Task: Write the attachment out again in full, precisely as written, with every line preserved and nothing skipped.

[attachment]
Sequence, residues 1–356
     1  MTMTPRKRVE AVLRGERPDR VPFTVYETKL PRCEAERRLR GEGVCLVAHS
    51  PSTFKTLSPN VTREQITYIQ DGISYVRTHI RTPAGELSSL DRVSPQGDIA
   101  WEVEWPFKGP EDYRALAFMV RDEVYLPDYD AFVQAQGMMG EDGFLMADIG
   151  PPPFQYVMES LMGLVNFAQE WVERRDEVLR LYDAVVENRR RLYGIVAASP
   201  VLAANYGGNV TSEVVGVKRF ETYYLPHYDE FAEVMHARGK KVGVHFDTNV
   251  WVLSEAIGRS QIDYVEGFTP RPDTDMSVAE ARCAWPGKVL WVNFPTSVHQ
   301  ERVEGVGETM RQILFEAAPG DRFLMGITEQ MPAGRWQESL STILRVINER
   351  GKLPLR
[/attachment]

Sequence, residues 1–356
     1  MTMTPRKRVE AVLRGERPDR VPFTVYETKL PRCEAERRLR GEGVCLVAHS
    51  PSTFKTLSPN VTREQITYIQ DGISYVRTHI RTPAGELSSL DRVSPQGDIA
   101  WEVEWPFKGP EDYRALAFMV RDEVYLPDYD AFVQAQGMMG EDGFLMADIG
   151  PPPFQYVMES LMGLVNFAQE WVERRDEVLR LYDAVVENRR RLYGIVAASP
   201  VLAANYGGNV TSEVVGVKRF ETYYLPHYDE FAEVMHARGK KVGVHFDTNV
   251  WVLSEAIGRS QIDYVEGFTP RPDTDMSVAE ARCAWPGKVL WVNFPTSVHQ
   301  ERVEGVGETM RQILFEAAPG DRFLMGITEQ MPAGRWQESL STILRVINER
   351  GKLPLR